Italian Easter Bread

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Italian Easter Bread.  That’s what my family calls it.  My husband’s family insists that it is Portuguese Sweet Bread.  My uncle is from the Philippines and is convinced it is the sweet bread of his homeland.  Bottom line, I’m pretty sure most cultures have some version of this buttery sugary loaf.  Whatever it’s called, it sure is good.

My great-grandmother, who came over from Italy, made this every Easter.   I admit growing up I did not like it one bit because of the anise flavor.  When I started making it for Easter years ago, I used to make a few loafs without the anise, but fortunately I’ve come to my senses.  The anise gives it a very specific scent that reminds me of the holiday.  The kids walked in the house yesterday yelling “I smell Easter Bread!”

Considering how much we love it, I never make Easter bread except at Easter.  Maybe it’s because we make 6 times this recipe every Saturday before Easter (works out to three big double batches, one bowl for each kiddo).   Every family that comes for Easter goes home with their own loaf for later, those loafs are very coveted around here.

How to improve the ingredients for a sweet bread?   I switched out the vegetable oil for coconut oil.  The eggs are now free range from happy chickens.  Organic milk and sugar are easy switches.  But I will be honest, I have tried incorporating whole wheat, and it just wasn’t the same.  Considering how we are used to whole wheat bread around here, I was surprised.  I don’t even enjoy regular white bread anymore.  But Easter Bread?  Well it is a holiday, so I am o.k. with it.

  • 5-6 Cups (20-24oz) White Unbleached Flour
  • 1/2 Cup (4oz) Water
  • 1/2 Cup (4oz) Whole Milk
  • 1/2 Cup (4oz) Melted Coconut Oil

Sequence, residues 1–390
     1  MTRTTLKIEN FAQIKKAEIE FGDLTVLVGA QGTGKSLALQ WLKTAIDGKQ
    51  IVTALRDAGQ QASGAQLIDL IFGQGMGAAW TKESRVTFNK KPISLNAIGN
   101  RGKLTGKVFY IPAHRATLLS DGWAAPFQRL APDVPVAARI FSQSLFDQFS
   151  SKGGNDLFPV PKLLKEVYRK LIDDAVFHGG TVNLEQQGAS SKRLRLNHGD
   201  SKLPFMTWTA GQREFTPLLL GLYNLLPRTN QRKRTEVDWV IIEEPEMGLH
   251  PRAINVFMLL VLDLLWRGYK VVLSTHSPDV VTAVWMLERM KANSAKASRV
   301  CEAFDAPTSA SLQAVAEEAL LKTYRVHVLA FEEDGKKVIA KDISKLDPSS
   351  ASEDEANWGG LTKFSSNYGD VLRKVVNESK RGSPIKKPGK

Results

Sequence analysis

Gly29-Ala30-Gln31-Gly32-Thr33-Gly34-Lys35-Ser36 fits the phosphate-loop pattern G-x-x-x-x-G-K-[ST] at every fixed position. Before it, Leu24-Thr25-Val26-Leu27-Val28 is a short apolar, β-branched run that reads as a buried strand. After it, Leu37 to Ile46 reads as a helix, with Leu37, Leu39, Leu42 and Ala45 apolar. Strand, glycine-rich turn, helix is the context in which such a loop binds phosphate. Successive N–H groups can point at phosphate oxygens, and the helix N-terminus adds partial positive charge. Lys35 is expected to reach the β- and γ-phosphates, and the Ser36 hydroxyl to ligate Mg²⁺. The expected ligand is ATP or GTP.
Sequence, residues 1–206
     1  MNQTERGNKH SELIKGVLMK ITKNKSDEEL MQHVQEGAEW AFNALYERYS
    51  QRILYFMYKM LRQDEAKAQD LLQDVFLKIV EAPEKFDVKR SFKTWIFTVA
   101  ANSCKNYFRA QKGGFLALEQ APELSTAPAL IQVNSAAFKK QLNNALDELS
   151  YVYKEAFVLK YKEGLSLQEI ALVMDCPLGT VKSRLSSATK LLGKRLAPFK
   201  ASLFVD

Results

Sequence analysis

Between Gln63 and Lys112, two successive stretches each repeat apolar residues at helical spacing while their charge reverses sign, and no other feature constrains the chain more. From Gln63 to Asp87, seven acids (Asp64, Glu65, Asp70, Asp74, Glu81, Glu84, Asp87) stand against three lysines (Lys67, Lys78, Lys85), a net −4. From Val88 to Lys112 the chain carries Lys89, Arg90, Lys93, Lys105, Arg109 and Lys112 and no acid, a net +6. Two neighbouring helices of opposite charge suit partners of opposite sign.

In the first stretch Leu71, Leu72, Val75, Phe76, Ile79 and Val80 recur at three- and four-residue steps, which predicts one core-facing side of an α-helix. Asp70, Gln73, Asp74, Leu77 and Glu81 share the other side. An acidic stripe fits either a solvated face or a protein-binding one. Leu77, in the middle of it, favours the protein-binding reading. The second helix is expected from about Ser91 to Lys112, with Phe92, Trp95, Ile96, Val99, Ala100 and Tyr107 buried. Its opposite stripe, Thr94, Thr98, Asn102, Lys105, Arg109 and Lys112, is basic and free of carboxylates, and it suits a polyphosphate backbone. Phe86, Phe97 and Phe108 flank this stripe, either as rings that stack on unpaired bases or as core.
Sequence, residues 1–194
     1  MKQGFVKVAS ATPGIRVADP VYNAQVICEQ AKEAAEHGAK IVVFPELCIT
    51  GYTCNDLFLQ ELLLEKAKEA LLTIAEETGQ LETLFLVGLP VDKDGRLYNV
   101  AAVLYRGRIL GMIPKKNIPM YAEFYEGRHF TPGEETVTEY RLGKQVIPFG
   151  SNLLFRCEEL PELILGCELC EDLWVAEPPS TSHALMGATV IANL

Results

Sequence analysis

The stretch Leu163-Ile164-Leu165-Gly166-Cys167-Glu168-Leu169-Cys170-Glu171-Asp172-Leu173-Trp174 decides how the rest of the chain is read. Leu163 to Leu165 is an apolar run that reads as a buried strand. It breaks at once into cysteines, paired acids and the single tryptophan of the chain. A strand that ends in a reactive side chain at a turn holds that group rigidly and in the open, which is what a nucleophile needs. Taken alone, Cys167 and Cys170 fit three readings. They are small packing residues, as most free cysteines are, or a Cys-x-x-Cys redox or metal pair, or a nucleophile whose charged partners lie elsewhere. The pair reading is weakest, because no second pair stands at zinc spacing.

• 1/2 Tbsp. Instant Yeast, or 1 Packet Regular Yeast
  • 3/4 Cup (5oz) Organic Sugar
  • 3 Large Eggs, beaten
  • Zest of 1/2 an Orange
  • Zest of 1/2 a Lemon
  • 1 Tsp. Anise Extract
  • 1 Egg beaten with 1 Tbsp. Milk (for brushing)

If you are using a packet of yeast, you will need to proof your yeast using the 1/2 cup of water and 1 tsp of the sugar.  After proofing add with the rest of the wet ingredients.  Otherwise, mix 5 cups of the flour, sugar, yeast and zest in a large bowl.  Make a hole in the center of the dry ingredients and pour in the oil, water, eggs and anise.  Stir until you get a shaggy mass.


Then gently knead for a few minutes, adding more flour if it is too sticky.  Be careful not to add too much flour, as the resulting loaf will be dry.  This dough does not have to be kneaded until it is smooth, stop when it looks like this:


Place in a lightly greased bowl and cover with a damp towel or plastic wrap for at least 3 hours.  This is a very heavy dough and will take a long time to rise.  We mix it Saturday night and actually leave it until the morning.

Punch down the dough and shape.  We prefer to make it into braids.  Divide your dough in half, then divide each half into three pieces.   Roll into ropes, then stick together at one end.  You can also form into regular loaves.   Each of our kids gets a small amount to make a loaf of any shape, we’ve had some interesting ones over the years.




Tuck the other end under.  Repeat with second half of dough.   Place on a lightly greased or silpat lined sheet pan.  Cover with plastic wrap.


Allow to rise for at least an hour or until the loaves double.  Brush with beaten egg.  The egg will give the finished loaves a nice golden brown color.


Bake at 350º for 25-30 minutes or until golden brown.


Slice and Enjoy.


Shared with:  What’s Cookin’ Wednesday, Thursday Favorite Things, and Foodie Friday, and Weekend Potluck, and Strut Your Stuff Saturday.

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  1. says

    Thank you for the step-by-step instructions, it’s one of those tasks I always have to think too much about. Much easier with some photos to follow :) This bread sounds amazing with the orange and anise, yum!

  2. Dana @ Cooking at Cafe D says

    Hi there,
    Found you via Easy Natural Food…and after one glance I added you to me RSS reader.

    I’m sure it’s no surprise to you, that Greeks also have a version of this – except with a red egg (still in the shell) baked into it.

    Pinning this – can’t wait to try it!

    All the best,
    ~ Dana
    Cooking at Cafe D


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